Dietary Patterns Provide Insight into Successful Weight Loss Maintenance

Meal plansMeal plans

Eating Patterns May Help Men Maintain a Healthy Weight

A Family Preparing a Meal

A Family Preparing a Meal

We are all looking for a silver bullet to help us lose weight and sustain the loss afterward.  To be bluntly honest, we have not found such a piece of information, and I personally doubt it exists at all.  The problem is that each human being is different and will require a different focus to be successful at weight loss and maintenance.

You may have read my review of multiple research studies that looked at the data from the National Weight Control Registry.  I found another study that looked at a similar group but the data was from Greece.  This study is the MEDWeight Study.  It looked at Greeks who were able to lose 10% of their body weight and maintain it for over a year.  There are multiple publications that have branched off this study by using their data and population.

In April of 2107, one such study was published[1].  The study looked at dietary patterns of 361 subjects who were able to maintain their weight for over a year.  The study is not earth shattering, but they found:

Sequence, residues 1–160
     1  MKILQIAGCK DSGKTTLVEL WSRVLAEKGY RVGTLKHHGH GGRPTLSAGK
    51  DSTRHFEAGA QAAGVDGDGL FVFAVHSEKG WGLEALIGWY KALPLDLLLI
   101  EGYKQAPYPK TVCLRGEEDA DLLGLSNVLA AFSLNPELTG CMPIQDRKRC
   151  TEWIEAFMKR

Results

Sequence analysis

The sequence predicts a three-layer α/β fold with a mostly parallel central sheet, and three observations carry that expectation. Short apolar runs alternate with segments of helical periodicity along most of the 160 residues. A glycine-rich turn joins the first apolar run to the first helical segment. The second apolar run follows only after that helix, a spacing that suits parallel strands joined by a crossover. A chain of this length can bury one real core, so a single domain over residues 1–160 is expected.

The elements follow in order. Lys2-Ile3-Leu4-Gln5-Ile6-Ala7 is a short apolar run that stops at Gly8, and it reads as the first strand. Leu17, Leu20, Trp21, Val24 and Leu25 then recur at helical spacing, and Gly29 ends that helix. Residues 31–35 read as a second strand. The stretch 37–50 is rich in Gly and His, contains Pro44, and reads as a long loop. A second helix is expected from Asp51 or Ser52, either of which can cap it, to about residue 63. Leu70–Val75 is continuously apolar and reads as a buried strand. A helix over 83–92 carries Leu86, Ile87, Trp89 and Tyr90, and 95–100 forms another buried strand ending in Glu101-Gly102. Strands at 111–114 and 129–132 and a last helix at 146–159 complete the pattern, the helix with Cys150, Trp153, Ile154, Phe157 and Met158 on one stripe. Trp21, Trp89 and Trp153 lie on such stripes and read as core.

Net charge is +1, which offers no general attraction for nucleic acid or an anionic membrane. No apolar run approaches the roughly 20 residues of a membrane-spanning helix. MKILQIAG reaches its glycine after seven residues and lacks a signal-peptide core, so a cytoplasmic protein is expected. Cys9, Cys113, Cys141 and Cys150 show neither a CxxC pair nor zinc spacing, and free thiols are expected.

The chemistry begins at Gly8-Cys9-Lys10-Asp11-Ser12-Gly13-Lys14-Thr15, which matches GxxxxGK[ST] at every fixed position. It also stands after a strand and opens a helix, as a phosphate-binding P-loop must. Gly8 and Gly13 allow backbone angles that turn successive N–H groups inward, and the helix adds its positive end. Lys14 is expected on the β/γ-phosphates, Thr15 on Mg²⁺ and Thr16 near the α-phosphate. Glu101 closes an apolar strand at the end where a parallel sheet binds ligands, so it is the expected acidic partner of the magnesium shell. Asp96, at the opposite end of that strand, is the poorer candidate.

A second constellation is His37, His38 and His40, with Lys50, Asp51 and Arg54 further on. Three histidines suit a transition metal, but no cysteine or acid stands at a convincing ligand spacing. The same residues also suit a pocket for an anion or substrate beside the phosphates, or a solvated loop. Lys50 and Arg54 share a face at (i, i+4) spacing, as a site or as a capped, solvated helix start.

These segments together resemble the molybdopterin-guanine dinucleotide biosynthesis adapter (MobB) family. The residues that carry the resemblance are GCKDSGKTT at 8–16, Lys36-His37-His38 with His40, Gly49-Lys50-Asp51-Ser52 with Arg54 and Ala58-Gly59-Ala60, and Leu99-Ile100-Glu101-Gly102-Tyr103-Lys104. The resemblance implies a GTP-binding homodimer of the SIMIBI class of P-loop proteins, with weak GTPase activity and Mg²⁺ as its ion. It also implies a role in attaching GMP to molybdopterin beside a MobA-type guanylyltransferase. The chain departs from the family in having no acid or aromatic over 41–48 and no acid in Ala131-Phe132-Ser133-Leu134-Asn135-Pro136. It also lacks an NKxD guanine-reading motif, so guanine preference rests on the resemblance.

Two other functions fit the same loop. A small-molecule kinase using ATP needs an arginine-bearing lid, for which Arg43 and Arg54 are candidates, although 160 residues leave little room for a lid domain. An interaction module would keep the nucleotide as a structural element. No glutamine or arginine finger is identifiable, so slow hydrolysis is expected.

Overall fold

1. Men that were successful in weight loss maintenance were 4.6 times more likely to follow a healthy dietary pattern featuring mainly unprocessed cereal, fruit, vegetables, olive oil and low-fat dairy.
  2. Men that were successful were actively involved in meal preparation and ate more at home.
  3. Women who were successful had a higher eating frequency and slower eating rate.

The bottom line: None of these findings are new.  I have presented other studies that show that if you prepare your food at home and eat slower, you will be more successful at weight loss and maintenance.  There are also studies that show that more fruits, vegetables, unprocessed grains, dairy, and olive oil help with weight loss and maintenance.  This research just supports the prior claims but also may indicate patterns that help keep men on target in their dietary habits.  I would recommend that you consider eating more at home, help prepare your own meals, eat slower, and add whole foods to your diet.  More research is needed on this topic.

Footnotes
[1]Brikou et al., “Breakfast Consumption and Weight-Loss Maintenance: Results from the MedWeight Study.”
Brikou, Dora, Dimitra Zannidi, Eleni Karfopoulou, Costas A. Anastasiou, and Mary Yannakoulia. “Breakfast Consumption and Weight-Loss Maintenance: Results from the MedWeight Study.” British Journal of Nutrition. Cambridge University Press (CUP), April 29, 2016. doi: 10.1017/s0007114516001550
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About the Author

ChuckH
I am a family physician who has served in the US Army. In 2016, I found myself overweight, out of shape, and unhealthy, so I made a change to improve my health. This blog is the chronology of my path to better health and what I have learned along the way.

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